Why do website redesign projects fail so often? They go over budget, launch late and never come out as planned? By the end of the project, you realize you have to redesign the site again because it already looks outdated. Traditional or Waterfall methodology for website redesigns does not work. Site builds can vary from 60 days up to a year or more! In today's economy, “time is money” is true more than ever, so every day your poor performing site persists, you are losing potential customers. Website costs vary anywhere from $10,000 to $500,000 and can exceed $1M+ depending on your business needs, so you need to make sure a return on that investment is in the near future.
For the purpose of analogy, imagine your website is a race car and the track is the internet. For every lap you are not on the track or barely chugging along, you are falling behind to your competitors.
Before we dive deeper, let’s discuss the role of your website.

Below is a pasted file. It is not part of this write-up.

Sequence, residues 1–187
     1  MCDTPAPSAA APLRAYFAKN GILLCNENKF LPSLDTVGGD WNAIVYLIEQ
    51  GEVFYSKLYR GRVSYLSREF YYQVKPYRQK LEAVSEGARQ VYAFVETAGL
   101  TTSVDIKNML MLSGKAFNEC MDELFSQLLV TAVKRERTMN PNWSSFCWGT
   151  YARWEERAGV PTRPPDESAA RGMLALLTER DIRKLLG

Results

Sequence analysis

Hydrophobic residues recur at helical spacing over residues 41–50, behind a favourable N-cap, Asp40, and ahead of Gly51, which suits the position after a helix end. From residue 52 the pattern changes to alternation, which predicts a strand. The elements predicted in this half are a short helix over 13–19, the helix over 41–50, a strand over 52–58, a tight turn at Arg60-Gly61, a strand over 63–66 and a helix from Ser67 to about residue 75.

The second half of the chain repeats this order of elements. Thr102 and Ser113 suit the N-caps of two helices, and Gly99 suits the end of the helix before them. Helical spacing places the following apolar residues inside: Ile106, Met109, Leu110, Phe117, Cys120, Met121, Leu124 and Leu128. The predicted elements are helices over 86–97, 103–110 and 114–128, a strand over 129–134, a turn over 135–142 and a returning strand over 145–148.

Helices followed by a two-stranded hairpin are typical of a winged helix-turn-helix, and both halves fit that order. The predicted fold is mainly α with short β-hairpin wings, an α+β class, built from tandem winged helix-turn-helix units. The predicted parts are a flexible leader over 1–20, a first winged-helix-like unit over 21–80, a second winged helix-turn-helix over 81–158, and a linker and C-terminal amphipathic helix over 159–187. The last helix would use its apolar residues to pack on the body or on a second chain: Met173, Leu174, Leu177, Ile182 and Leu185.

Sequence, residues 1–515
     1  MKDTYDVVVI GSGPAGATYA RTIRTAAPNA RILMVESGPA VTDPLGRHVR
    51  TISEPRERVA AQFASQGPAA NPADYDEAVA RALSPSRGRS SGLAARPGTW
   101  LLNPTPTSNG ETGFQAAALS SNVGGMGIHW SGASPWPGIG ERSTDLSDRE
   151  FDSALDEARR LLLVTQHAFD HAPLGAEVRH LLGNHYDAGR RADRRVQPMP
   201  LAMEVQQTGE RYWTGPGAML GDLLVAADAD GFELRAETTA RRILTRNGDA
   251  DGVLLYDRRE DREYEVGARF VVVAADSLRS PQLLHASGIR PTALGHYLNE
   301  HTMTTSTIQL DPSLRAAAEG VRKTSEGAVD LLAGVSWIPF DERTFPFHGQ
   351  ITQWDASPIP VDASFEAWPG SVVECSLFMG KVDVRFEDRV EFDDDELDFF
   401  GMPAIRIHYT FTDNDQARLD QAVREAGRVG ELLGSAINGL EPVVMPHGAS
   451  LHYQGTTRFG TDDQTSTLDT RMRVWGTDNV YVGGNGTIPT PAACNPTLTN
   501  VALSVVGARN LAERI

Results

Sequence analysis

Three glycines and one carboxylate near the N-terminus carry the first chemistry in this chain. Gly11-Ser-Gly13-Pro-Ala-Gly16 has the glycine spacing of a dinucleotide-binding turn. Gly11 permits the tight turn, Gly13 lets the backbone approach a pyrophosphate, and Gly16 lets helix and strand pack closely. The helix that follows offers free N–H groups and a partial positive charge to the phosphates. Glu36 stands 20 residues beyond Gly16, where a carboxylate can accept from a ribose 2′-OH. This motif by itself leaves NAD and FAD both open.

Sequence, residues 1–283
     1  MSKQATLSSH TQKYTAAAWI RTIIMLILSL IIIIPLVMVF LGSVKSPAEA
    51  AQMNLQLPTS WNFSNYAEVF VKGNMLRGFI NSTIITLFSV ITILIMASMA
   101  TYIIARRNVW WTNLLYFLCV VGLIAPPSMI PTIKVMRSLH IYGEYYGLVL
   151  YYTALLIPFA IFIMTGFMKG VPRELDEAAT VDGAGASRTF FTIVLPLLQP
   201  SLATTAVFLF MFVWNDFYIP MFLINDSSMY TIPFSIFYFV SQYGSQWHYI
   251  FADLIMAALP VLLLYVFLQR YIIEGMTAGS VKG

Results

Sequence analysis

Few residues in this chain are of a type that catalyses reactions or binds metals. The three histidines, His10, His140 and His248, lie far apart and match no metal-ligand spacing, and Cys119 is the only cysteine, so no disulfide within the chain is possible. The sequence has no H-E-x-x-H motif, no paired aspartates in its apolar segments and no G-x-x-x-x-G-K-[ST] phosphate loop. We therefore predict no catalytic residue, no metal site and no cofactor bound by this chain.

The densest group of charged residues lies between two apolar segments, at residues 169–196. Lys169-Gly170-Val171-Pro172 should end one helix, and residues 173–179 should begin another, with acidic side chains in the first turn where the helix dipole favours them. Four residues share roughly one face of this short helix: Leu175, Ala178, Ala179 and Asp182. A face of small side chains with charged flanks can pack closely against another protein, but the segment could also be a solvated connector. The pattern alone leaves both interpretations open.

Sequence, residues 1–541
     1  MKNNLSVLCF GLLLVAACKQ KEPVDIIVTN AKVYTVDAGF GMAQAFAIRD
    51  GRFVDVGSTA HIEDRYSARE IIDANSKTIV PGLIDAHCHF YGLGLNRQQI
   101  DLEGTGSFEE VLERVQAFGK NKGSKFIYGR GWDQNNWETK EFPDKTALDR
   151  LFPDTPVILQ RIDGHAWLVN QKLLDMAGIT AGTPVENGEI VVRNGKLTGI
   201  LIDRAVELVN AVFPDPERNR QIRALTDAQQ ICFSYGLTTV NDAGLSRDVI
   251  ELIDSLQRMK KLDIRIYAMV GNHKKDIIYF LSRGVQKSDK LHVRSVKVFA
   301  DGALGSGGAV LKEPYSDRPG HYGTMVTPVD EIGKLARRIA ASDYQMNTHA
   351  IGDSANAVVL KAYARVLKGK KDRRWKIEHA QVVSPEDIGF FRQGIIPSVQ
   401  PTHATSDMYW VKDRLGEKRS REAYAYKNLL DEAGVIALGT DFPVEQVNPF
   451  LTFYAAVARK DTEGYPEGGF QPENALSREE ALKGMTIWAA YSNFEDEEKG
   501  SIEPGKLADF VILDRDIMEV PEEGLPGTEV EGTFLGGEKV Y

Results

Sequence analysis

Your website is your best marketing asset. The reason is simple, because all if not most of your marketing leads to your website or landing page. So if your website is not performing as it should, you are throwing marketing dollars away.
Your website is an important resource for your customers. This is especially true for B2B companies with longer sales cycles, however, B2C company websites still provide important information about the product or services they sell. Unless you have been living under a rock, you know customers love to research and try before they buy.
Your website is an awesome salesperson. Your site is available to customers 24/7 and can be accessed from anywhere in the world. It can provide valuable information about customer behavior, including content they have shown interest in. This is when a dialed marketing machine takes advantage and serves the most relevant next steps for your customer to take, such as a retargeting campaign with relevant CTAs. The role of your website is very important and will directly affect how you should approach a redesign project.
What in the world is waterfall methodology or the traditional method of building websites? Traditional website projects move in a linear fashion with dependencies sprinkled throughout. You might recognize the following typical agency workflow:
Requirements > Design > Development > Testing > Deployment > Maintenance